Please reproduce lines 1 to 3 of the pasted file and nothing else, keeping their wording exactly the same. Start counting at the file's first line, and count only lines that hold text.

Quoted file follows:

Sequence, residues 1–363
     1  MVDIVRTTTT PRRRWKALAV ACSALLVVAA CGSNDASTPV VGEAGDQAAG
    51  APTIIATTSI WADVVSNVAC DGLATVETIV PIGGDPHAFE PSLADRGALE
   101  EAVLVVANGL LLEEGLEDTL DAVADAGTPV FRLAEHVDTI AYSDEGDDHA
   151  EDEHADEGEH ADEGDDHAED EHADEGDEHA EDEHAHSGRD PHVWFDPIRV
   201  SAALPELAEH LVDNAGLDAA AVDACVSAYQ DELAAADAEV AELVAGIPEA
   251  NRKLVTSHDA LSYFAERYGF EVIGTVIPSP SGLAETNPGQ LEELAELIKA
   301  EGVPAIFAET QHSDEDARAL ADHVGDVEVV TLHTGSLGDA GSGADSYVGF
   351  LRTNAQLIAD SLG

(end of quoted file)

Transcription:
Sequence, residues 1–363
     1  MVDIVRTTTT PRRRWKALAV ACSALLVVAA CGSNDASTPV VGEAGDQAAG
    51  APTIIATTSI WADVVSNVAC DGLATVETIV PIGGDPHAFE PSLADRGALE